When using an analog instrument to test a diode, the needle will swing almost fully across the scale when the diode is placed in one direction and hardly move when the diode is reversed.
The needle does not measure the resistance of the diode but rather the flow of current in one direction and no current-flow in the other direction.
If the value is equal to or near equal, either low or high in both directions, the diode is faulty, and should be replaced.
Digital instruments have a position on the dial to measure diodes, as shown in 11.1b. When we connect probes to each other, the multimeter should buzz, which signals a short circuit, and display tells 0. When we separate the probes the buzzing stops, and a symbol for open circuit is displayed (this can be either 0L or 1). Now we
connect probes to the diode (11.3a). Then we reverse the diode and connect it again (11.3b). If the measured diode was ok, one of the two measurements would have shown a value which represents a minimum voltage that could be conducted through the diode (between 400mV and 800mV), and the anode is the end of the diode which is connected to probe A (red one). The diode is faulty if you hear a buzz (closed circuit) or some value which represents infinity.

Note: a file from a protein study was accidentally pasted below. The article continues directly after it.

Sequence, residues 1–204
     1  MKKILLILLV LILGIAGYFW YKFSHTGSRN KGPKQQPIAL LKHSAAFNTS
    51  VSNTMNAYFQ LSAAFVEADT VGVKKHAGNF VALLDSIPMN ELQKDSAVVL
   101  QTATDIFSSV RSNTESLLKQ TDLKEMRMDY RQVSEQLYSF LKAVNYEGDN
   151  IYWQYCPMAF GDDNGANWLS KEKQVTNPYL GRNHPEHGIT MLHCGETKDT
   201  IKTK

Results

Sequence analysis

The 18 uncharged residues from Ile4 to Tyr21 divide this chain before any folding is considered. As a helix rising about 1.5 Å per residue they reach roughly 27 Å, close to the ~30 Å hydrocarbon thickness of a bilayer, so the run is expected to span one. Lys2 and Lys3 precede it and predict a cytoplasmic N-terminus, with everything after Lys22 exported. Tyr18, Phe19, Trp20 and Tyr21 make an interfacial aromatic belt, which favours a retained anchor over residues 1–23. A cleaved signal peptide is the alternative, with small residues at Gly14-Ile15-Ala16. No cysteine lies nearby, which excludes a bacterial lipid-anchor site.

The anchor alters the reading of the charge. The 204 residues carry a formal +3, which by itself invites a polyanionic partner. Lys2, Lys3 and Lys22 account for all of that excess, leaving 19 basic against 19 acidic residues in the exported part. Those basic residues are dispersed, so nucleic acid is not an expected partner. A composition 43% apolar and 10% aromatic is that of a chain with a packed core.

Transistors are tested in a similar fashion, since they act as two connected diodes. According to 11.4b, the positive probe is connected to the base, and the negative probe is first connected to the collector and then the emitter. In both cases the resistance should be low. After that, you do the same thing, only with switched probes. The negative probe is connected to the base and you test the collector and emitter with a positive probe.
Both cases should produce a high value on the meter.
When testing PNP transistors, all steps are the same, but the measurements should be opposite: on 11.4a they are high, and on 11.4c they are low.
If you test transistors using a digital instrument, the process remains similar to the one with diodes. Each diode should produce a value between 400mV and 800mV. Many modern digital multimeters have a socket for testing transistors. There is, as displayed on 11.5, a special socket where low and medium power transistors fit. If you need to test high power transistors, thin wires (0.8mm) should be soldered to transistor’s pins and then plugged into the socket. As displayed on 11.5, a transistor is plugged into the socket according to its type (PNP or NPN) and the switch with a hFE marking is brought into position. If the transistor works, the display shows a value which represents the current amplification coefficient. If, for example, a transistor is tested, and the display shows 74, this means the collector current is 74 times higher than the base current.